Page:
Keeping Slugs from Eating my Cucumber Transplants

I’ve never had a problem with slugs. That’s because the Indian Runner Ducks roamed the property and ate everyone they found. They were helped by free-range chickens, guinea fowl and turkeys throughout the years.

This summer, however, I have no ducks (the fox broke into the cage and killed the two remaining ducks), no guinea fowl (sold them due to their over-protection of my truck), no turkeys (didn’t get any this year) or free-range chickens.

The lone hen, Ida, I have is about 4 years old, maybe 5. I bought her about 20 months ago. Although I was led to believe she (and the others that came with her) were only a year and a half old, after they were on the property for a few days, I could see they were much old. They were more like 3 1/2 years old, possibly 4.

When I sold the mixed-breed, mixed-aged flock last fall, so I wouldn’t have to feed unproductive birds, I kept Ida because she laid an egg almost every day. She often lays about 4 out of 7 days, but sometimes she goes two weeks without laying. She had been separated from the flock she arrived with because they picked on her. I went out one day to find a huge chuck of meat gouged out of her back. I nursed her back to health, and from then on, she’s been a loner. I knew if she had gone for sale with the rest of the chickens, she might be put in the same pen with them, and she’d be killed. So I kept her.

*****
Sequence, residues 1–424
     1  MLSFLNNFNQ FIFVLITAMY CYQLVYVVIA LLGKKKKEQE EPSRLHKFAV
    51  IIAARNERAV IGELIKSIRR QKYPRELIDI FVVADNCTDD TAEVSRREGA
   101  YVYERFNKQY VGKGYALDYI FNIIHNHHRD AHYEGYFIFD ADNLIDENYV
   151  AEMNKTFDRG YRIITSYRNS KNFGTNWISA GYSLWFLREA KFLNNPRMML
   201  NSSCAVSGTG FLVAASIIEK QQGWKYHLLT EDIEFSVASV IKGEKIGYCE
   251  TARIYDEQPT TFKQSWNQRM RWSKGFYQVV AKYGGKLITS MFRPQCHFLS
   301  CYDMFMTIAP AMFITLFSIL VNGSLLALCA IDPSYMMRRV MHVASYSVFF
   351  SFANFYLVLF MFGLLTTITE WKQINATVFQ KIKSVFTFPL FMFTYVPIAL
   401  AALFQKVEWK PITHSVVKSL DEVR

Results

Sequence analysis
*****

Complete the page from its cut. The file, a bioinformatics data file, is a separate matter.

Borax in the garden to defend against slugsIda is still alive and laying sporadically. She free-ranges when I’m outside all day, but she spends most of her days in the coop, so the local fox won’t snatch her.

The three chicks I bought in the spring are still growing, and I don’t want them to free-range just yet as they get used to their new living arrangements.

That leaves the snail and slug population in my yard to expand unchecked. This has created a small problem in the garden. I had planted several cucumber transplants only to find them eaten the next morning. The slugs usually consume one complete transplant a night.

Hearing that Borax helped kill ants and knowing slugs absorb substances into their slimy bodies, I wondered if circling my transplants with a thin layer of Borax powder would defend them against pests.

The answer is yes. A week after applying the Borax, my transplants are still alive and appear untouched by slugs. The new transplants don’t have any holes on the leaves, indicating nothing is getting past the Borax.

Since Borax is a powder, the rain will wash it away. After the storm predicted for tonight passes, I’ll have to create fresh circles around the transplants. For me, it’s worth the trouble if it’s going to mean I’ll enjoy fresh cucumbers from the garden in late summer.

One thought on “Keeping Slugs from Eating my Cucumber Transplants

  1. Pingback: 6 Genius Uses for Borax In The Garden - Digging In The Garden

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